ACS Green Chemistry Institute®

Green Chemistry News Roundup: October 15 – 21, 2016

Blog Post created by ACS Green Chemistry Institute® on Oct 21, 2016

Researchers Identify Greater Environmental Risks in 'Green' Material

Oct 17, 2016 |


University of Sheffield Professors Ian Reaney, Department of Materials Science and Engineering, and Lenny Koh, Management School, undertook the first comparative life cycle analysis of piezoelectric materials as part of an EPSRC project. Their findings indicate that a replacement for lead zirconate titanate (PZN), recommended by global authorities due to its green credentials, is more dangerous to the environment.


4 Ways Green Chemistry is Helping Make the World a Better Place

Oct 17, 2016 | World Economic Forum


Now is the time to look at the circular economy on the micro-level. Much as fast expanding markets require us to look at the economy at the granular level, circular economy principles require consideration of resources on a molecular level. Chemistry is the study of matter, and “green chemistry” – or what we in the business world might call molecular technology – will be a key component in closing the overall consumption loop.


The Cost of Plastic Packaging

Oct 17, 2016 | Chemical and Engineering News


The growing use of plastic food packaging benefits consumers, but critics say industry isn’t doing enough to minimize the negative environmental impact.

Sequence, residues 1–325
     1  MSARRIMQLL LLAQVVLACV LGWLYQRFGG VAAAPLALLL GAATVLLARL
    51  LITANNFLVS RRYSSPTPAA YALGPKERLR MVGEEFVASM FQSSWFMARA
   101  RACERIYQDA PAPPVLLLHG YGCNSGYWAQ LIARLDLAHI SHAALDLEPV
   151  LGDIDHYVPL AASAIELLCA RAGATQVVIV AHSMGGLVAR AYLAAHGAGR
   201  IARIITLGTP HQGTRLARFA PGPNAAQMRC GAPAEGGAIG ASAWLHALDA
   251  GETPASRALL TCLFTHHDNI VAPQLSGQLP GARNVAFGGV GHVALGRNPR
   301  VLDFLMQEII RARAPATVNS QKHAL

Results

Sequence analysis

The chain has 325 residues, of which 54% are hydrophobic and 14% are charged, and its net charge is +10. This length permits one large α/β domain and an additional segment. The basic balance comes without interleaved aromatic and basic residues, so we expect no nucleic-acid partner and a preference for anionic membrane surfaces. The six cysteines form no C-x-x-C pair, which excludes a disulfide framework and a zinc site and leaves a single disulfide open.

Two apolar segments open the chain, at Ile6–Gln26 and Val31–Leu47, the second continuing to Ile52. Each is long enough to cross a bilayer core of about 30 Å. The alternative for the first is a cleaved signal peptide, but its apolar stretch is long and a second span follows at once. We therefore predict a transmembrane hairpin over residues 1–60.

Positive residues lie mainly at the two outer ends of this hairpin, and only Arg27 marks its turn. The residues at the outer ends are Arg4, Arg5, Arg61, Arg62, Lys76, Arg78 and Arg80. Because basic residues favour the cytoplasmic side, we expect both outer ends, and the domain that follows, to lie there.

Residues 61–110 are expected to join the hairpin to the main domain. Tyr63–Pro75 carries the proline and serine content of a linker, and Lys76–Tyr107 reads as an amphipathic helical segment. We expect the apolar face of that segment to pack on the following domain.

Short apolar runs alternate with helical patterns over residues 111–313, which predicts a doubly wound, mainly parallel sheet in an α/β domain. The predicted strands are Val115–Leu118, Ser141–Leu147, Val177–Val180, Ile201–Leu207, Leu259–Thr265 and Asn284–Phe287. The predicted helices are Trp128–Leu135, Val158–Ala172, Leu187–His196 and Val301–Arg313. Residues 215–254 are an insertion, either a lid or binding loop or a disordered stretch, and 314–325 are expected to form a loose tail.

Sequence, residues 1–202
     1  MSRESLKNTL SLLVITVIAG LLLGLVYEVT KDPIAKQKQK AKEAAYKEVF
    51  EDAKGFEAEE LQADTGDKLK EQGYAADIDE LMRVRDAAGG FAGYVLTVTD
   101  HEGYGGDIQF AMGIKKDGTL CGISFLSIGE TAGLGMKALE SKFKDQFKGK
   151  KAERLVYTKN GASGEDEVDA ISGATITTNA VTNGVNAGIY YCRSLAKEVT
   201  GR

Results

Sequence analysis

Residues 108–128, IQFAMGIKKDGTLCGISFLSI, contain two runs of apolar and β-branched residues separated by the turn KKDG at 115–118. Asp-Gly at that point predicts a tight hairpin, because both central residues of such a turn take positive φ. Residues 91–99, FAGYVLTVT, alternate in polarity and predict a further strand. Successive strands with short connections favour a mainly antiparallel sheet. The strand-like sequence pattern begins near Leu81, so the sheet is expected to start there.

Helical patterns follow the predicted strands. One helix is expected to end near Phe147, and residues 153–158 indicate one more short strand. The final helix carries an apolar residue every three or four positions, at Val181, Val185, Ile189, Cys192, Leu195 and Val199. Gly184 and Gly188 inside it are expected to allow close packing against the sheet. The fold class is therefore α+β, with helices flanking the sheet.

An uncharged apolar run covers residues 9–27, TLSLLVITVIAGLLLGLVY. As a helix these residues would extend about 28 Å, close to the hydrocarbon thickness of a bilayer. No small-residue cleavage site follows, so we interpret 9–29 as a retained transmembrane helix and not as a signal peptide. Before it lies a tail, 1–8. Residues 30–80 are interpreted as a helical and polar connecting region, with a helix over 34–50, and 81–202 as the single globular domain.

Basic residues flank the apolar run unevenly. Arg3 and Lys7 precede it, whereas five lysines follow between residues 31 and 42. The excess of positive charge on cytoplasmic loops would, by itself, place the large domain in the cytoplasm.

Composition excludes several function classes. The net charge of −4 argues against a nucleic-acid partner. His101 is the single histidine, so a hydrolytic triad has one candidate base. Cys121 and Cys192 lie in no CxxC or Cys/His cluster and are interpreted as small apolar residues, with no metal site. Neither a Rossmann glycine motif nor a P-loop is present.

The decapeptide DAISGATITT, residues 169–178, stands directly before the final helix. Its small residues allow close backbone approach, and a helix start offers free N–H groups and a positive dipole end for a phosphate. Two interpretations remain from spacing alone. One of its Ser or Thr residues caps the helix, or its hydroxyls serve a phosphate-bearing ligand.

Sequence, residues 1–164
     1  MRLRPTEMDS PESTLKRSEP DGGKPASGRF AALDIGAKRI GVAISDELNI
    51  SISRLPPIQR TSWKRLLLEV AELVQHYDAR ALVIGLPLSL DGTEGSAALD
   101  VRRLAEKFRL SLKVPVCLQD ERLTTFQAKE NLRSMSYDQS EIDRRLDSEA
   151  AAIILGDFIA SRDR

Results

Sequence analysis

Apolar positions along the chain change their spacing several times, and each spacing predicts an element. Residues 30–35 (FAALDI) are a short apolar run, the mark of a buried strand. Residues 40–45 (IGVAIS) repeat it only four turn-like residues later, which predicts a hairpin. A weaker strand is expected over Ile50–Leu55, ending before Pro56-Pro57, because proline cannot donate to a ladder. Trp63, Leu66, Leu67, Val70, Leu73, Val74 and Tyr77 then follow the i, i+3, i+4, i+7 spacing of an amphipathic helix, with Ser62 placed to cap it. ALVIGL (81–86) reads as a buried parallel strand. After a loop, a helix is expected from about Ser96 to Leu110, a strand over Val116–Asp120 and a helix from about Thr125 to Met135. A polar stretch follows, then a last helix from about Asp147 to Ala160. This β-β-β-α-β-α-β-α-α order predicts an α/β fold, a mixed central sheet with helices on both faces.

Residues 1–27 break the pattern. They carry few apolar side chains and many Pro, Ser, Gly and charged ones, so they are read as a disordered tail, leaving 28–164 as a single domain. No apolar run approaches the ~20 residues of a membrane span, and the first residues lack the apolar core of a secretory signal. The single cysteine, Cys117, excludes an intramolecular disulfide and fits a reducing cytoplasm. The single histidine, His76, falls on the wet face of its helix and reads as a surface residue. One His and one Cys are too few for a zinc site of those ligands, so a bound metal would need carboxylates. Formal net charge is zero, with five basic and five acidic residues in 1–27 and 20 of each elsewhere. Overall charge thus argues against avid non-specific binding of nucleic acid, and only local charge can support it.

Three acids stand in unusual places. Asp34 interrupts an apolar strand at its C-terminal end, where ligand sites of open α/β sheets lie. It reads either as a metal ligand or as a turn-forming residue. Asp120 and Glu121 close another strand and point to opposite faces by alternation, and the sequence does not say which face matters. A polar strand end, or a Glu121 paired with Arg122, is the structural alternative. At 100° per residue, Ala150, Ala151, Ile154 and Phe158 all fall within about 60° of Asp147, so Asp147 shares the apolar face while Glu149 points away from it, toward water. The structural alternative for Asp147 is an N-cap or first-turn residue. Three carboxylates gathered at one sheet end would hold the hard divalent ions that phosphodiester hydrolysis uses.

How the Chemical Industry Joined the Fight Against Climate Change

Oct 16, 2016 | New York Times


It might seem surprising to find the world’s chemical companies on the front lines of preventing climate change, fighting to disrupt their own industries.  But in a sweeping accord reached on Saturday in Kigali, Rwanda, companies including Honeywell and Chemours, a DuPont spinoff, were among the most active backers of a move away from a profitable chemical that has long been the foundation for the fast-growing air-conditioning and refrigeration business. 

Finding Needles in Chemical Haystacks

Oct 15, 2016 |


A team of chemists including Daniel Weix from the University of Rochester has developed a process for identifying new catalysts that will help synthesize drugs more efficiently and more cheaply. The trick was to do something that has not been attempted before, to examine libraries of drugs to find the cure for bad chemistry: new catalysts.